What is Selenium?
Selenium is an essential trace element required in small amounts by humans. Humans and animals require selenium for the function of a number of selenium-dependent enzymes, also known as selenoproteins. Selenium is known primarily for its antioxidant activity and is role in thyroid hormone production. Selenium also plays a vital role in the immune system and deficiency has been linked with increased cancer risk1.
Where Does Selenium Come From?
The richest food sources of selenium are organ meats and seafood, followed by muscle meats. In general, there is wide variation in the selenium content of plants and grains because plants do not appear to require selenium. Thus, the incorporation of selenium into plant proteins is dependent only on soil selenium content. Globally, wheat is one of the most important dietary sources of selenium3. The sensitivity of a population’s selenium status to changes in its source of wheat is illustrated by the United Kingdom, where blood selenium levels have declined by around 50% since changing from high-selenium Canadian and USA-grown wheat to low-selenium European wheat in the mid-1980s1. In Australia, it is estimated that nearly half of our Se intake is provided by wheat4. Brazil nuts grown in areas of Brazil with selenium-rich soil may provide more than 100 mcg of selenium in one nut, while those grown in selenium-poor soil may provide ten times less2. In one of the few major studies in Australia, grain selenium concentrations from South Australian crops ranged 5–720 mg/kg and it was apparent that this variation was determined mostly by available soil selenium level3.
Among other things, optimum selenium status is important for healthy thyroid function and the prevention of thyroid disease9, 10. The thyroid gland is one of the human tissues with the highest selenium content per mass unit9. Selenoproteins are involved in protection of the thyroid gland from excess free radicals produced during the biosynthesis of thyroid hormones9. In addition, the three key enzymes involved in activation and inactivation of thyroid hormones, are selenoproteins.
Selenium has also been shown to play a pivotal role in male fertility5-7, with one study linking low selenium levels in semen samples from infertile men relative to fertile men8.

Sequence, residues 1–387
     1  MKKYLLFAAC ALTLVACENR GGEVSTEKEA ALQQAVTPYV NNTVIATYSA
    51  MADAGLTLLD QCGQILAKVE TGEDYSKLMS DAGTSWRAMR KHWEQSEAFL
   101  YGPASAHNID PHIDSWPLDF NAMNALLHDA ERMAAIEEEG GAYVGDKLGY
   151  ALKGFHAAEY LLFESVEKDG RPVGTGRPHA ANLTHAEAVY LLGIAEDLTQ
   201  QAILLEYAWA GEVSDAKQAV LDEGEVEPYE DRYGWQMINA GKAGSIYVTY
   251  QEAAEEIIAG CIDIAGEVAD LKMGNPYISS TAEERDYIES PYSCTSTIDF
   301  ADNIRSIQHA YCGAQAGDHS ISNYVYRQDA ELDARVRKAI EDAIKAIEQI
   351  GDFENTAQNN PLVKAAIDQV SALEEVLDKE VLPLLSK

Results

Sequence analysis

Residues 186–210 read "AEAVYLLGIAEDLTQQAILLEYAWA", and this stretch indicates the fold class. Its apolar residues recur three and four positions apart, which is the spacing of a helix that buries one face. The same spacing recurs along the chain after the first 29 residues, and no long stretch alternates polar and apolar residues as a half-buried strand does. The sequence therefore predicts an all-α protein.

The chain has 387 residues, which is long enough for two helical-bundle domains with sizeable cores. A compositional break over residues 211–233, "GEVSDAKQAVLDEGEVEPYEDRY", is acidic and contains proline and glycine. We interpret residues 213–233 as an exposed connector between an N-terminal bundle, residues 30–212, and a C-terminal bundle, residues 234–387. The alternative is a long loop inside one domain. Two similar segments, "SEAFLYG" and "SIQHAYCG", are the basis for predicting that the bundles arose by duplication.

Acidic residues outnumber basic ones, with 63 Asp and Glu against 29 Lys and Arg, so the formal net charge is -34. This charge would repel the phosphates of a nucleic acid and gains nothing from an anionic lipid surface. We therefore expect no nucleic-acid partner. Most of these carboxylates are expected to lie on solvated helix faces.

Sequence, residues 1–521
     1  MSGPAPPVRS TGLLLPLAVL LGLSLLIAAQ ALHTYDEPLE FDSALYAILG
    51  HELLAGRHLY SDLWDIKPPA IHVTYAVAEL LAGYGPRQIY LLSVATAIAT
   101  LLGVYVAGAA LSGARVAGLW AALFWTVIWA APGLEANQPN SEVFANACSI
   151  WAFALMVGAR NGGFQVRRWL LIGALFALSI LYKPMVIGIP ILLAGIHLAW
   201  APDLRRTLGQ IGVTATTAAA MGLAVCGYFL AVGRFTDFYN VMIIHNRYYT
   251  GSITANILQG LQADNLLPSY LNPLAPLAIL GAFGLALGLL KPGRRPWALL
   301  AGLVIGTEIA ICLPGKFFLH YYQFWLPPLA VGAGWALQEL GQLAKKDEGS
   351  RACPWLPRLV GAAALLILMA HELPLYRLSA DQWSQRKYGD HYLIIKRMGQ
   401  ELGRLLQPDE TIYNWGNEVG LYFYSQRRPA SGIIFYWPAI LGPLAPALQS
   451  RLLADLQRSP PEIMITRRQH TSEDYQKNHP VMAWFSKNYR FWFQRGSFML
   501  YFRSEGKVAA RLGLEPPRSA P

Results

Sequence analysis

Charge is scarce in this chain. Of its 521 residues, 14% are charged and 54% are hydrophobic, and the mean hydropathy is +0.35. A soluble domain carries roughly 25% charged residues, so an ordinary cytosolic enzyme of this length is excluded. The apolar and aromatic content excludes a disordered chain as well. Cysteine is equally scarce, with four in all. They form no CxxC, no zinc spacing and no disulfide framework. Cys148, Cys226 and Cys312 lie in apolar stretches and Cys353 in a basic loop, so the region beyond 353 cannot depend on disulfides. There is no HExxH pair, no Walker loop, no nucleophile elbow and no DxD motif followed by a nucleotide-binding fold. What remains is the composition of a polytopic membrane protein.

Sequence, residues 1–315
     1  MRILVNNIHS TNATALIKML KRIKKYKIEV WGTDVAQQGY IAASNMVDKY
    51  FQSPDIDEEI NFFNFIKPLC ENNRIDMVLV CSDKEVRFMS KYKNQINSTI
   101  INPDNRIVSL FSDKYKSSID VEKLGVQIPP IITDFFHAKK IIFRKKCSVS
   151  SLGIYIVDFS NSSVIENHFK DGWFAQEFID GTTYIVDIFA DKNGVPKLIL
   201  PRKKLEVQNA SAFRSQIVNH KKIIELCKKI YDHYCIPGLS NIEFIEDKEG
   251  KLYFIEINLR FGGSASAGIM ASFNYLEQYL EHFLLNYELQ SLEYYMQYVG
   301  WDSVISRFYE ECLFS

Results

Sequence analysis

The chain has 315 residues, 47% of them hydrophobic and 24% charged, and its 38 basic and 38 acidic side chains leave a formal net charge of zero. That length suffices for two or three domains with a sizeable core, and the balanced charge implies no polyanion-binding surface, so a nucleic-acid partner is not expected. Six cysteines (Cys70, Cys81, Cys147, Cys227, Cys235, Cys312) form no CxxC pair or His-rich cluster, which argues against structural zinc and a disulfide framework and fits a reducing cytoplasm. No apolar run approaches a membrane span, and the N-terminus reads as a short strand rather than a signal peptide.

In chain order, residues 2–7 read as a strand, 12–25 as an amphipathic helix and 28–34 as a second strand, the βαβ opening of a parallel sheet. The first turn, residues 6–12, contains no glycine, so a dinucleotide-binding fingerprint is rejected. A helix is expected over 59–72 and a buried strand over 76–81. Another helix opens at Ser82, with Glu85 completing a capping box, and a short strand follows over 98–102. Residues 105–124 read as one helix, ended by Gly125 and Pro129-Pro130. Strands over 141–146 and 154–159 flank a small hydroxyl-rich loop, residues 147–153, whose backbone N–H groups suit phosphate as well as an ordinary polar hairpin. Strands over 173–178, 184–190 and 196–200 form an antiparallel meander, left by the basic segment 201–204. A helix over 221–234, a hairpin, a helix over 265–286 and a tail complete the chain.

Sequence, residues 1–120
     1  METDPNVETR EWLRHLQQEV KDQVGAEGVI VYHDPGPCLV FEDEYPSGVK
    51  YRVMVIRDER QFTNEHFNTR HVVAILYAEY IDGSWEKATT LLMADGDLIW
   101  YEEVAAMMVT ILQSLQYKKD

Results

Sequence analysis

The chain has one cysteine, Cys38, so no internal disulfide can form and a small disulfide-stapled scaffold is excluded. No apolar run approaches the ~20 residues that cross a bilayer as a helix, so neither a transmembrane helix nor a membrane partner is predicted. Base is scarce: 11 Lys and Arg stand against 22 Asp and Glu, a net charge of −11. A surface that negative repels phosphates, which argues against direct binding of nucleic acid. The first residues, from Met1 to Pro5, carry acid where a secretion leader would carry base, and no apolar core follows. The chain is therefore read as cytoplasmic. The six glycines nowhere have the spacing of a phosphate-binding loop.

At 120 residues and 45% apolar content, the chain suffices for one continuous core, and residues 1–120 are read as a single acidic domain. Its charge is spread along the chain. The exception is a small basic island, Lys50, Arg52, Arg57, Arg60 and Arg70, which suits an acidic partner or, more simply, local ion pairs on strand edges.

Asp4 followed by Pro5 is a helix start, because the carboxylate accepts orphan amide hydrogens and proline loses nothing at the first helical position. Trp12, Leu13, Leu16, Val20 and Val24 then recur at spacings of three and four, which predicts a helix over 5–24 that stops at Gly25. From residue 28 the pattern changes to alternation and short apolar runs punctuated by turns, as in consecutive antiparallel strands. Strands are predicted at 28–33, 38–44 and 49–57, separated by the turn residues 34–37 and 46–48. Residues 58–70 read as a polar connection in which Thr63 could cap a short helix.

Selenium is widely recognised as a key nutrient in cancer prevention and treatment11. As selenium intake decreases amoung study populations, there is significant increased risk of colon, prostate, beast, ovary, lung and hematopoetic cancers12, 14.
Negative Side Effects of Selenium
Chronic selenium toxicity (selenosis) may occur with smaller doses of selenium over long periods of time. The most frequently reported symptoms of selenosis are hair and nail brittleness and loss. Other symptoms may include gastrointestinal disturbances, skin rashes, a garlic breath odor, fatigue, irritability, and nervous system abnormalities. Selenosis-like symptoms were reported to occur in a small trial of men with prostate cancer taking doses as high as 3,200 ug/d for 1 year13.
Selenium Recommended Dosages & Timing
The recommended daily intake for selenium in Australian men and women is 85mcg and 70mcg per day respectively16. However, a survey of nearly 300 Adelaide blood donors in 2005 revealed a mean plasma selenium concentration of 103 mg/l17, which is above that of most countries, and just above the estimate of 100 mg/l required for maximising the activity of the important antioxidant selenoenzyme, glutathione peroxidise1. However, only 8% of men surveyed reached 120 mg/l selenium, which is a target that has been proposed for maximum protection against prostate cancer18-20, which is the most commonly diagnosed solid tumour and the second leading cause of cancer mortality in Australian men21. So it’s reasonable to assume that most Australians would benefit from selenium supplementation in the vicinity of 100-200mcg per day.